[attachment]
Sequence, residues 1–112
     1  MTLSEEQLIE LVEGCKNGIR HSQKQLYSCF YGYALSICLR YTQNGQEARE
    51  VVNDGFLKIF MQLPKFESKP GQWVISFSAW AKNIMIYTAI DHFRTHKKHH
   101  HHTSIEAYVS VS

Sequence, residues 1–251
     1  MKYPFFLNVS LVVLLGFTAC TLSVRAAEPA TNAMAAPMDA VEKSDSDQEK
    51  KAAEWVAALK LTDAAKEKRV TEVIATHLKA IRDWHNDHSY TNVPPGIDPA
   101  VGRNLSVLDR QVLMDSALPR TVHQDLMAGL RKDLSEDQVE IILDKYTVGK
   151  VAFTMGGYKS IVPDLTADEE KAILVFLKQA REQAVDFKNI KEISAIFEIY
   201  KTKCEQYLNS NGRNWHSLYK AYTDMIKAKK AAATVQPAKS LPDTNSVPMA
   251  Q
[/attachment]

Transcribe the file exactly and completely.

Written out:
Sequence, residues 1–112
     1  MTLSEEQLIE LVEGCKNGIR HSQKQLYSCF YGYALSICLR YTQNGQEARE
    51  VVNDGFLKIF MQLPKFESKP GQWVISFSAW AKNIMIYTAI DHFRTHKKHH
   101  HHTSIEAYVS VS

Sequence, residues 1–251
     1  MKYPFFLNVS LVVLLGFTAC TLSVRAAEPA TNAMAAPMDA VEKSDSDQEK
    51  KAAEWVAALK LTDAAKEKRV TEVIATHLKA IRDWHNDHSY TNVPPGIDPA
   101  VGRNLSVLDR QVLMDSALPR TVHQDLMAGL RKDLSEDQVE IILDKYTVGK
   151  VAFTMGGYKS IVPDLTADEE KAILVFLKQA REQAVDFKNI KEISAIFEIY
   201  KTKCEQYLNS NGRNWHSLYK AYTDMIKAKK AAATVQPAKS LPDTNSVPMA
   251  Q